‘A Place For Recreation And Relaxation Without Humiliation,’ American Beach On Amelia Island, Florida

NaNa Dune, the tallest dune in Florida, at American Beach on Amelia Island. North Florida

“A place for recreation and relaxation without humiliation.”

Those were the words of Abraham Lincoln Lewis describing American Beach, the first resort in Florida purpose-built to welcome Black visitors which he helped found in 1935.

Lewis is widely considered Florida’s first Black millionaire. His fortune came after starting the state’s first insurance company in 1901, the first Black insurance company certainly, the first insurance company–period–depending on who you ask. That was Jacksonville’s Afro American Life Insurance Company.

The heyday of American Beach lasted until 1964. That year, Hurricane Dora physically devastated the community and the signature of the Civil Rights Act finally forced beaches around the state and the South to integrate.

For three decades in between, American Beach welcomed thousands of visitors each year, many of them traveling hundreds of miles seeking “a place for recreation and relaxation without humiliation.”

As police officers were storming into the surf with batons as nearby as St. Augustine, Florida, 60 miles south, dragging Black protestors engaging in “wade-ins” out of the water at whites-only beaches, American Beach offered a beacon of hospitality.

“Relaxation without humiliation.” Or Brutalization. Or Incarceration.  

“It was like Pinocchio when he went to Pleasure Island and just did everything that he wanted to do and just had so much fun,” Marsha Dean Phelts, author of “An American Beach for African Americans,” a history of American Beach, said when interviewed on the “Welcome to Florida” podcast in June of 2020.

Phelts was born and raised in nearby Jacksonville, vacationed at American Beach during its peak and moved to Amelia Island for good in 1988.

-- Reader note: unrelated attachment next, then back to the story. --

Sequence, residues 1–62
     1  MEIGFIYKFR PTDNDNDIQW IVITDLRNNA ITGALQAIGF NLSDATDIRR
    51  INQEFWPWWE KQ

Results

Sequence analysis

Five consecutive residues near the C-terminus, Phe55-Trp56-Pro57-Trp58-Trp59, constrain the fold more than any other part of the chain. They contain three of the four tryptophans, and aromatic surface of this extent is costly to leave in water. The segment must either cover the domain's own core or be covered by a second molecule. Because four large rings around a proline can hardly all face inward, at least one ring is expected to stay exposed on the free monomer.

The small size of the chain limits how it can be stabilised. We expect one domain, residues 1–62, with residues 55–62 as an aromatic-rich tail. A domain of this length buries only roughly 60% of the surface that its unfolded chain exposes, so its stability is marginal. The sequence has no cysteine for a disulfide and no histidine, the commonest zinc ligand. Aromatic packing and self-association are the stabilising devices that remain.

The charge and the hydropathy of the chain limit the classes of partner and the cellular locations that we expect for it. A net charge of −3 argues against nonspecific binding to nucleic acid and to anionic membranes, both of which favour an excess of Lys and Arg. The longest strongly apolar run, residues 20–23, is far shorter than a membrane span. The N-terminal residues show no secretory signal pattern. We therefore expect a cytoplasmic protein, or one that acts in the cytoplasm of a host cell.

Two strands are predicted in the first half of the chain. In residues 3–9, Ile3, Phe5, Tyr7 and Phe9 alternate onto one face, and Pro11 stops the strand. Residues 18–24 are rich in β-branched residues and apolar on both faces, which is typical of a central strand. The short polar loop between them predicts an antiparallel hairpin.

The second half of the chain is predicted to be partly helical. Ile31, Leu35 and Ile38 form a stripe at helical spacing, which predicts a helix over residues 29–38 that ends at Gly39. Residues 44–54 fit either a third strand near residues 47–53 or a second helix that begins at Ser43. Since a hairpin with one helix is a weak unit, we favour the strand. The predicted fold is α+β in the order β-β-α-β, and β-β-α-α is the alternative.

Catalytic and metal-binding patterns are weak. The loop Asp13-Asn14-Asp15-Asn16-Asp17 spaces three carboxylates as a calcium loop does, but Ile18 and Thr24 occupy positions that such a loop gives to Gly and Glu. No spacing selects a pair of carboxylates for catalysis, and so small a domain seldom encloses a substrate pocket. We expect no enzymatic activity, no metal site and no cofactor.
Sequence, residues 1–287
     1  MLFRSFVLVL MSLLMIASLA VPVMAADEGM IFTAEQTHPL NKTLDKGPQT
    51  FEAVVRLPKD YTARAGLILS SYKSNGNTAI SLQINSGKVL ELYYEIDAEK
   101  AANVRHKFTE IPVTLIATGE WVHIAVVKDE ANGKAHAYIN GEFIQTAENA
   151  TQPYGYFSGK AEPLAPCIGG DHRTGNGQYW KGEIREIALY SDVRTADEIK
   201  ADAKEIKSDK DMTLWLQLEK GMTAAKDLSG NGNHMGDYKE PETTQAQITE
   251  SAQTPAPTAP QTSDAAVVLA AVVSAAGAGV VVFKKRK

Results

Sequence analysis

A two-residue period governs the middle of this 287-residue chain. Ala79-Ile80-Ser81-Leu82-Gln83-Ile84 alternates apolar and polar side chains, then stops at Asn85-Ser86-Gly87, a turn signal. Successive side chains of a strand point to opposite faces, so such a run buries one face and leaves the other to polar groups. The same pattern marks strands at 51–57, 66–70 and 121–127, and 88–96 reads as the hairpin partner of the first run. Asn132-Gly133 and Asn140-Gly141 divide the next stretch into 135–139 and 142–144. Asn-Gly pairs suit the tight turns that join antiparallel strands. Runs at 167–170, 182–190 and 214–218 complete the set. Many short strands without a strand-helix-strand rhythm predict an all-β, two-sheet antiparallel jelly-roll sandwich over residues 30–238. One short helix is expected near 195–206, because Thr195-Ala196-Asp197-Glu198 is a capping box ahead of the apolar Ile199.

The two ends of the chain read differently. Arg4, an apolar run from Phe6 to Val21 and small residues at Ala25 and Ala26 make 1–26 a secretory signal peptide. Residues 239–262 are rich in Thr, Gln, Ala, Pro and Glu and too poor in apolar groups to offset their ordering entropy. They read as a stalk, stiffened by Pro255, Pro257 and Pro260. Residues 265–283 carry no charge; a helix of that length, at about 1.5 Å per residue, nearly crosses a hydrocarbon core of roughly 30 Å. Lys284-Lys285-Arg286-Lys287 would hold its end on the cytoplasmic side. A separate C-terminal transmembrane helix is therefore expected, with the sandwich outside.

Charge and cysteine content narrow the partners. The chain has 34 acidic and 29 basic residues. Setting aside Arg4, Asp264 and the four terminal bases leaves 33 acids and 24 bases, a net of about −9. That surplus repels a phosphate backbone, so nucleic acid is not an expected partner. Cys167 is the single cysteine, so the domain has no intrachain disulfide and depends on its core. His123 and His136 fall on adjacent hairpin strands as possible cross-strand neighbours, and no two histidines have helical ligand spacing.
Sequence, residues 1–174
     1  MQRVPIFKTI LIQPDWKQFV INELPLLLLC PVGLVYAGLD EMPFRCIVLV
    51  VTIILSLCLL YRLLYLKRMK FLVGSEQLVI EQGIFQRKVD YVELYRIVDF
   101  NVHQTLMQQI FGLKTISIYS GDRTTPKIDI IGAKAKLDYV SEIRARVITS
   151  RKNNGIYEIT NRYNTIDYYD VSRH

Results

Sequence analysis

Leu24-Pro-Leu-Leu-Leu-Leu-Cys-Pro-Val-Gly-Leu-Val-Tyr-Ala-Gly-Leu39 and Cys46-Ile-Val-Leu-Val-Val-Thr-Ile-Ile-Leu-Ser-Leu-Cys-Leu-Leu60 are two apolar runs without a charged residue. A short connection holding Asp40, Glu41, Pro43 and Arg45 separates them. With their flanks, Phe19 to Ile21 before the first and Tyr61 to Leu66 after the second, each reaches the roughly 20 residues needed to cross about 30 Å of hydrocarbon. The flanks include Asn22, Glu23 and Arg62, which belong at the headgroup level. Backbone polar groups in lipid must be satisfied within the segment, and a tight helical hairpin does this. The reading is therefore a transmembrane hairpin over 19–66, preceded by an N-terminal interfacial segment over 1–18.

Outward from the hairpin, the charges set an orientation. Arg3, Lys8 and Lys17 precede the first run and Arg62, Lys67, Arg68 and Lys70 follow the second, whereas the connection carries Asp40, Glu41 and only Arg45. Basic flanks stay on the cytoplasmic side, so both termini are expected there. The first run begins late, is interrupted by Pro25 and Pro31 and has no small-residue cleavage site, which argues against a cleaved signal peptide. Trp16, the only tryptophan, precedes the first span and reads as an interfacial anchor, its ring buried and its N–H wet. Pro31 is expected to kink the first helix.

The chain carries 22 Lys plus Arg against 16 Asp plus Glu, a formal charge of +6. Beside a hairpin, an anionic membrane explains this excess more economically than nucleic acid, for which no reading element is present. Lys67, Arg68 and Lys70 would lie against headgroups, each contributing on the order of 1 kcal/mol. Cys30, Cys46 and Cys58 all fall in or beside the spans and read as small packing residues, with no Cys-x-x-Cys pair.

“Coming to the beach was a place where you were wanted and you felt the way you felt when you went into your big mama’s house–nothing is going to go wrong–coming to the beach my whole life was sooo much fun,” Phelts recalled on “Welcome to Florida.” “Back then, when family came, it wasn’t just your family that lived around the corner and down the street. Uncle Freddie came from Philadelphia–WOW!, that’s wonderful–Annabelle came from Tallahassee–there was just a whole lotta’ people.”

Everyone who experienced American Beach first-hand through the 40s and 50s remembers the crowds. Families. Church groups.

Scarcely a car or person can be found there most days now, save for the contractors and builders putting up new luxury homes and the landscaping crews.

Phelts especially remembers school trips to American Beach. The entire school went. Her anticipation the week leading up and night before was almost too much to bear.

“We’d get into the bus and it was at the end of the (school) year, we’d come in May–everybody came, the teachers came, the administrators came, and the cafeteria prepared your lunch which means everybody had the same thing,” Phelts remembers. “At school, you had bologna and somebody else had ham, but coming to the beach picnic, everybody had the same delicious fried chicken and lemonade and the super-sweet thing about coming to the beach was that you could go into the water.”

While most everything else has changed at American Beach since those days, the “water”–the beach–remains the same. A wide, soft, flat stretch of finely ground sand looking out over an endless expanse of sparkling Atlantic Ocean.